If I were Prime Minister, the first thing I would do is grant asylum to whistleblower Edward Snowden and appoint him as a special advisor to the Intelligence and Security Committee, the committee responsible for holding the UK's intelligence services to account.
Snowden would provide first-hand technical knowledge of the agencies' capabilities and the risks that their work poses for human rights, Internet security and the digital economy. This might not go down too well with the powers that be and would probably mean that I would have a week before the intelligence services launched their coup to get me out. But a week is a long time in politics, so here goes:
Despite my healthy commitment to free speech, I would ban politicians and members of the ISC from uttering the words, “if you have nothing to hide, you have nothing to fear”. The penalty would be immediate publication of bank details, passwords and those naked selfies kept for when journalists posing as 23-year-old “models” get in touch.
It’s been a bit grating to hear security chiefs say that they need to gather all of our personal data into a giant “haystack” so they can search for “needles” and that without said haystack they won’t find any needles.
To prevent future security chiefs from making the same mistake, I would introduce a new application process for the intelligence services. In the initial interview process, applicants will build two haystacks, one small, one large. Those that think it will be easier to find a needle in the larger pile will not have their application progressed further and sent back to primary school to learn some basic Maths.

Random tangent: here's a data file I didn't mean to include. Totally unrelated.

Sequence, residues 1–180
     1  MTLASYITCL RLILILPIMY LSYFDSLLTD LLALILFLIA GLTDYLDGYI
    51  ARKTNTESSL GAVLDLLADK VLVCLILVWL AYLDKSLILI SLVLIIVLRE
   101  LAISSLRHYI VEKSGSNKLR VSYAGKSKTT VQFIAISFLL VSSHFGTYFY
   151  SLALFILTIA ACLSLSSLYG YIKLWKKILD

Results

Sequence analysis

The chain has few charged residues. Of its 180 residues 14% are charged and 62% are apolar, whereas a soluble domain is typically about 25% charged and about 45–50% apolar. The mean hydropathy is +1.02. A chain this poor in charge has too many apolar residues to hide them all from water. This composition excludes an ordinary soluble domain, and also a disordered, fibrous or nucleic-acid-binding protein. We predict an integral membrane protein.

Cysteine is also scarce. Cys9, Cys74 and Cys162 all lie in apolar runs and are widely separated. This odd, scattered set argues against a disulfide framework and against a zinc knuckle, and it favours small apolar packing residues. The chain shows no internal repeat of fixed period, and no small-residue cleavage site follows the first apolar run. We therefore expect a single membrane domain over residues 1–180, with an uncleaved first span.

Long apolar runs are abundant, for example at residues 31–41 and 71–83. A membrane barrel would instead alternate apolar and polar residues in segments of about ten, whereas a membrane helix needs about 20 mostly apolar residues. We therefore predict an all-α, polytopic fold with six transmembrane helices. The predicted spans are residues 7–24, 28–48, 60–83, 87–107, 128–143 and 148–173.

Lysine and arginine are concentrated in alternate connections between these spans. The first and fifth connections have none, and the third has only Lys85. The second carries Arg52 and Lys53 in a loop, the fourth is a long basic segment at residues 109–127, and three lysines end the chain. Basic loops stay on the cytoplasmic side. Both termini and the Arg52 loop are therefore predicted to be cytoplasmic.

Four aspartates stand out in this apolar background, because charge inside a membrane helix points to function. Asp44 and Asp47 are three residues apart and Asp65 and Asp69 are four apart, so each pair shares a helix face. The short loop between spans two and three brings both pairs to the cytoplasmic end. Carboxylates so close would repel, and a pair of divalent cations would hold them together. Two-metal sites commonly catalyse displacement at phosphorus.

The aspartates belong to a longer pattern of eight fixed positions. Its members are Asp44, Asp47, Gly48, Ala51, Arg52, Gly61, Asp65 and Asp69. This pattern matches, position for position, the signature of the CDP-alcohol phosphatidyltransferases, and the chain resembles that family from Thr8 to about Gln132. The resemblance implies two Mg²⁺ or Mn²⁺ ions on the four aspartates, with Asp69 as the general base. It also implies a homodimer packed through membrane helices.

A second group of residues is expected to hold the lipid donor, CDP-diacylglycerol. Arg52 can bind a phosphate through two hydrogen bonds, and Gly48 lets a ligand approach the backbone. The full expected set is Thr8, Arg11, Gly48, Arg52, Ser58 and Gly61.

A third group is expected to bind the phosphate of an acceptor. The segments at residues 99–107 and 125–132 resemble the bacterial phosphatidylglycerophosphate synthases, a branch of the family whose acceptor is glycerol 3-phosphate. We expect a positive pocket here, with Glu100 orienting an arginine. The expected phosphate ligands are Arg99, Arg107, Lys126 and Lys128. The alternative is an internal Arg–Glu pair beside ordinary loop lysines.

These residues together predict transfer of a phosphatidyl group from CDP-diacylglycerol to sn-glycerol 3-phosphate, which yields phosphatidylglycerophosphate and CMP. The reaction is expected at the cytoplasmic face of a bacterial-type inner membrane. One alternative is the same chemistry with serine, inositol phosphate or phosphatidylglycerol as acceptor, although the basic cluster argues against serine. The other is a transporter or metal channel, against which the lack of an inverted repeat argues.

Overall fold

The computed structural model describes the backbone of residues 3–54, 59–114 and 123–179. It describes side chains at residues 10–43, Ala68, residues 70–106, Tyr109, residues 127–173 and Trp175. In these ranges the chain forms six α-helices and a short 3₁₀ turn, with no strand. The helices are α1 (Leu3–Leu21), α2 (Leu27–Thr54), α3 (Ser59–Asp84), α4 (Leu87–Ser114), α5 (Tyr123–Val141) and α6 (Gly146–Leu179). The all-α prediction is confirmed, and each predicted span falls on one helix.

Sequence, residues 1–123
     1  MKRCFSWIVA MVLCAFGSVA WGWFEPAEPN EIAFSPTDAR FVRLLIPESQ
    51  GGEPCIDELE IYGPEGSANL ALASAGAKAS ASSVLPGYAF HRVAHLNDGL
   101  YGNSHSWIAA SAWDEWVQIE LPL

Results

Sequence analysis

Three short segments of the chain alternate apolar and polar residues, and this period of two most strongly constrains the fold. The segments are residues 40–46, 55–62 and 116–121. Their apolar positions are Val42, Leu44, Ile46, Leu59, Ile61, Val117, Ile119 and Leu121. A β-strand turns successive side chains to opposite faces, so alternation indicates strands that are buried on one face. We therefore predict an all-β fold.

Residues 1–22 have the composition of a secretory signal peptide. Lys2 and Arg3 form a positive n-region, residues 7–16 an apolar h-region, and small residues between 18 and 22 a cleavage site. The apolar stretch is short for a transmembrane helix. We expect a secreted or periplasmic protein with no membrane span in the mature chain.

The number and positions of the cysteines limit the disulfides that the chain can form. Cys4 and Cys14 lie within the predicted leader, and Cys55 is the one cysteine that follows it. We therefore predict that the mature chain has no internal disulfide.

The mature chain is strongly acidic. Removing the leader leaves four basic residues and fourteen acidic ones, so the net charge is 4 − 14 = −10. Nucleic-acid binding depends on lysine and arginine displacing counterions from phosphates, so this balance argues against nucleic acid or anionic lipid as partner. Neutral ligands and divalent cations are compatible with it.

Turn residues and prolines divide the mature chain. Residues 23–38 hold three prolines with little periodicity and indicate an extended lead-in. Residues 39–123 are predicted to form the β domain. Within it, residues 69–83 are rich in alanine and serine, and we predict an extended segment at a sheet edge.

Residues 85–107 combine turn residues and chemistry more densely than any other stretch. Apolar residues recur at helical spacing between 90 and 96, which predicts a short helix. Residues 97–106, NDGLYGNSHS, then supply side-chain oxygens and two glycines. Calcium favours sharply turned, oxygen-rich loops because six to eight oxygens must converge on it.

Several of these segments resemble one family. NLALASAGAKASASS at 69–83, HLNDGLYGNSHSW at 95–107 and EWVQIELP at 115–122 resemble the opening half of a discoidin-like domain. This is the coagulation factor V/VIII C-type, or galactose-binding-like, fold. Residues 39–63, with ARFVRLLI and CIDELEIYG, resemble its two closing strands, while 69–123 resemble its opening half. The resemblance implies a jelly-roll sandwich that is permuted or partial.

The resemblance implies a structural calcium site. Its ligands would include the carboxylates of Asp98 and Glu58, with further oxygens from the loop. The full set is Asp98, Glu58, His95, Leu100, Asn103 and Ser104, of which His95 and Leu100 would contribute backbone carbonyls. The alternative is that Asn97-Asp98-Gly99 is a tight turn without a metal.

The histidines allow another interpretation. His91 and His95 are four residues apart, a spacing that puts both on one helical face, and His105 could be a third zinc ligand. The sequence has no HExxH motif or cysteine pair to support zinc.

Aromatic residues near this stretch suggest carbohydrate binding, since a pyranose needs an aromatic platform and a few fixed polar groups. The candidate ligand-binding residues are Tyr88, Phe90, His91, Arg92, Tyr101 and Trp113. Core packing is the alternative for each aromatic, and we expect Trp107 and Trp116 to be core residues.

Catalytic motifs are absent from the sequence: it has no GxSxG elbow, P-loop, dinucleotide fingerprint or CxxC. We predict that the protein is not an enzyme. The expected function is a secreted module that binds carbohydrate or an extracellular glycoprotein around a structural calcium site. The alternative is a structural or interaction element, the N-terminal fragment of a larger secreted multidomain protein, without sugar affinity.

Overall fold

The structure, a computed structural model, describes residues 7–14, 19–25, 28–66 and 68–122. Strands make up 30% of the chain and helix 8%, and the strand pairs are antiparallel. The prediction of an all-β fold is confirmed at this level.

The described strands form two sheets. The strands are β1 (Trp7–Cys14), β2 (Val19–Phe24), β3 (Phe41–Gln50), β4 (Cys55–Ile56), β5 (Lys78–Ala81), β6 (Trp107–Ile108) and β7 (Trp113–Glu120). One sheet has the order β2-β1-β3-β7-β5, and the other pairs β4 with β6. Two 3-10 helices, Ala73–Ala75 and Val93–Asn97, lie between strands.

Unsurprisingly, I would put an end to the mass collection of all of British citizens' personal communications by the security services. And the agencies and the bodies that oversee them would become accountable to Britain's elected MPs, not me and the executive.
I would also be the first front bench politician to utter the words, “GCHQ have acted unlawfully”, as found by a court (the Investigatory Powers Tribunal). Similarly, Government ministers would no longer be able to sign off warrants for surveillance. Instead that decision would be made by independent judges on a case-by-case basis.
I'd repeal DRIPA, the legislation that forces internet service providers to keep all our data for at least a year because, after all, we are all guilty of using technology to communicate. I would also repeal RIPA, the legislation that allows the police, local councils and other organisations (which just nine months ago included well known crime fighters, the Egg Marketing Board) to access our personal information with minimum supervision.
I would appoint people who understand technology to every department possible. Hopefully we’d get less chocolate teapot policies like Internet filtering and the three strikes and you are disconnected Digital Economy Act (remember that? So bad they never got it to work.) I’d also change the law to make it easier for citizens to challenge bad laws. We have rights, like privacy and free expression, that politicians are too keen to undermine, ignore and vilify: it’s time we made use of them to protect our far too fragile democracy.